Although I was forced to put my work to the side for a few months I have continued to pursue my interests both with my camera and my eye. Whilst in San Francisco a poster caught my attention and I took time out to visit the San Francisco Museum Of Modern Art (SFMOMA) to look at some work by Henri Cartier-Bresson.
Cartier-Bresson (C-B) has long been considered one of the original street photographers and the father of the modern reportage style of photography that has influenced so many photographers. As a lover of street photography I view his work with reverence so was delighted to get the chance to see some of it in the flesh.
The exhibit was well attended despite being the middle of the week and I was delighted to be able to use my camera and sound recorder to make notes as I went around. The work being displayed ran from some of his early work right through to the photo journalistic work that he did later in life. I have singled out some of the prints that I saw for attention as they particularly appealed to me.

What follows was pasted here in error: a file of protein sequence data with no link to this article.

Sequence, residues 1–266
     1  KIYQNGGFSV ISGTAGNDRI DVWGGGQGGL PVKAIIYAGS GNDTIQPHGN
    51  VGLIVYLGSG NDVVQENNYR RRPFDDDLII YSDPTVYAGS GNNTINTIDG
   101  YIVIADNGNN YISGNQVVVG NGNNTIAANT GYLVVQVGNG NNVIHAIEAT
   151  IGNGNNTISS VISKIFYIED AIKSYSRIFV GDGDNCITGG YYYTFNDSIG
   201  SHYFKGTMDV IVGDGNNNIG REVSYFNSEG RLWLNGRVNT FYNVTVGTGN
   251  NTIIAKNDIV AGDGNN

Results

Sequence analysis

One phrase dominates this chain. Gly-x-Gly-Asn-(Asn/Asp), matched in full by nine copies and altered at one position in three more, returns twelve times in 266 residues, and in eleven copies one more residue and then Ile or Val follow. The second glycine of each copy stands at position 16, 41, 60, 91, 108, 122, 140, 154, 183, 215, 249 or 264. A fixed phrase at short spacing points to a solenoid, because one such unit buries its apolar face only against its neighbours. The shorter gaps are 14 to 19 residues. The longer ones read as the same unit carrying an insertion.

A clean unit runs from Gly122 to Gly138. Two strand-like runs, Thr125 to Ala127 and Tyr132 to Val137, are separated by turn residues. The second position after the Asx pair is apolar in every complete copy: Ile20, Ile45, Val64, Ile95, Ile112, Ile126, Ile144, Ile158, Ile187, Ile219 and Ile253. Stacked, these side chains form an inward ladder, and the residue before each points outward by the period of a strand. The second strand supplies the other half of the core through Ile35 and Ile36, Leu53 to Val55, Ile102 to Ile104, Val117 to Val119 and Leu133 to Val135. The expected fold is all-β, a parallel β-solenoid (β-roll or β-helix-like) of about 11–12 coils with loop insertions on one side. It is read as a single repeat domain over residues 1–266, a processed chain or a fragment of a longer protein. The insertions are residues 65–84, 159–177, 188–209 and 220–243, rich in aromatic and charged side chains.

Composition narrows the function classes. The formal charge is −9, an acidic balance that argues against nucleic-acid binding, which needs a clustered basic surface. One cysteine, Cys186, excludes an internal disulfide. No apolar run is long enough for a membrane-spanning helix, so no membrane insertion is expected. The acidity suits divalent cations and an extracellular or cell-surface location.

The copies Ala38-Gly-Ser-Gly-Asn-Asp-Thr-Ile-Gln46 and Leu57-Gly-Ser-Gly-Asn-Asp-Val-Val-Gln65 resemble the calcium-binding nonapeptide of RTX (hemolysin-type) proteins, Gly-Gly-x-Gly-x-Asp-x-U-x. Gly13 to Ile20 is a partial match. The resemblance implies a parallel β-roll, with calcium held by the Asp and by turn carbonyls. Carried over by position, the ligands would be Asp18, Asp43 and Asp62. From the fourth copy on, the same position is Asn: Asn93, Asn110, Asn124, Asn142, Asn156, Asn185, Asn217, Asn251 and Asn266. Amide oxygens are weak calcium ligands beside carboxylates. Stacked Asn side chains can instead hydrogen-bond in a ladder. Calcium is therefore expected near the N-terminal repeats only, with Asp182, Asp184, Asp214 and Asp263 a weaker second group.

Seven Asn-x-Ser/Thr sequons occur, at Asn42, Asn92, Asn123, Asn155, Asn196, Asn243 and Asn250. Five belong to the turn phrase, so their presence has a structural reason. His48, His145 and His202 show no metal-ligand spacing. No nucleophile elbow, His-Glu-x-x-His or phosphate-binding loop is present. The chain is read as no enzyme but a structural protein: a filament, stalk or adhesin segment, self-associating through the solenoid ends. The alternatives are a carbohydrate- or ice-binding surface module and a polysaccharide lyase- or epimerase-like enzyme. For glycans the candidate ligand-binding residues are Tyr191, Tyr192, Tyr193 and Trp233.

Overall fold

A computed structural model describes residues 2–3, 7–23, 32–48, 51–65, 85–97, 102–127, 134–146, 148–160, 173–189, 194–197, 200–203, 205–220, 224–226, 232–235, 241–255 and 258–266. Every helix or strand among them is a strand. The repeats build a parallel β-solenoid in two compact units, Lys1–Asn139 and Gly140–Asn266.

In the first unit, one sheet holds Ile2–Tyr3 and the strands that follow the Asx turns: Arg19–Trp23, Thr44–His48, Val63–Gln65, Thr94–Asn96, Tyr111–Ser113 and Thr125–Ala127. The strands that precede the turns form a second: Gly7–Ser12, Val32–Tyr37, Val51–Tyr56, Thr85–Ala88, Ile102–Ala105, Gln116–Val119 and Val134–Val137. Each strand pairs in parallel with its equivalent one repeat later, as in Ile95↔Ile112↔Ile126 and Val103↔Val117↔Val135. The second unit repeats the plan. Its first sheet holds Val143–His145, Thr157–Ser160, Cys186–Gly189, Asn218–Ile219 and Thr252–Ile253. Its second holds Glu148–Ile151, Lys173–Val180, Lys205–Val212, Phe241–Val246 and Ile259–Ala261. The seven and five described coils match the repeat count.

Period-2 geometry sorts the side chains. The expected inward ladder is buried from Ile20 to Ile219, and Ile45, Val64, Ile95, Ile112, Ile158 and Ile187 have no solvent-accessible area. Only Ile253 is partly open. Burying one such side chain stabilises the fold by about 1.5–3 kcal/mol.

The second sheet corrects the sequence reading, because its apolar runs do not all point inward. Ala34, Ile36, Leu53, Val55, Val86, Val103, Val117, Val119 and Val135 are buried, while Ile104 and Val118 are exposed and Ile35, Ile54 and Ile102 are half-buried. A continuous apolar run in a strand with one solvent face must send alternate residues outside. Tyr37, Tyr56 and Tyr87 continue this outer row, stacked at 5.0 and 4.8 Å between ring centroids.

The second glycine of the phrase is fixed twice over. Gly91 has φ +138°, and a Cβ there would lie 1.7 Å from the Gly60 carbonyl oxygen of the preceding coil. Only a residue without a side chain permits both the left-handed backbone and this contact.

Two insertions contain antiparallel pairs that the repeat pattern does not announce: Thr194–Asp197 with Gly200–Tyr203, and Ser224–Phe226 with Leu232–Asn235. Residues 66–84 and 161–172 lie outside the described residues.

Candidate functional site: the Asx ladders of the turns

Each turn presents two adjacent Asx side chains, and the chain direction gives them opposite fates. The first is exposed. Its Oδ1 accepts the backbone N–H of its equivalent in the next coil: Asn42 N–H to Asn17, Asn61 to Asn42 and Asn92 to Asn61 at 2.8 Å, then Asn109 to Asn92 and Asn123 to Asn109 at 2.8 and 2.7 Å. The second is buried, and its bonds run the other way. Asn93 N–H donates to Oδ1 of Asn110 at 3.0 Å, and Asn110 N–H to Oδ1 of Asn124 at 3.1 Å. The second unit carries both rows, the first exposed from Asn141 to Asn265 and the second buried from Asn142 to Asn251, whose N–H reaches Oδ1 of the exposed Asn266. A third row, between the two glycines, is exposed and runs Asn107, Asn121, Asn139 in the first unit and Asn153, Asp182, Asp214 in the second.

Valencia - Spain 1933
Taken in 1933 this image is of a couple of uniformed workers by a garage. He has, in a moment, seen an opportunity to capture the head of one worker looking through a square cut in the door whilst his colleague comes through the doors looking away. Our attention is taken by the disembodied head which looks even more strange with one eye glass opaque and yet our interest is further piqued by the open door and the other worker coming out, his attention directed into the darkness allowing us to wonder what is inside.
Not all of his work shows such spontaneity and I found a few images to be quite obviously posed with the peoples attention directed at the camera whilst they vie for attention. These may have been images that he took for his work but they don't have the same attention grabbing quality for my taste. One such image can be found here.
C-B was present at some momentous occasions throughout history including the funeral of Mahatma Gandhi and he took some remarkable shots of the event and the anguish shown by those present.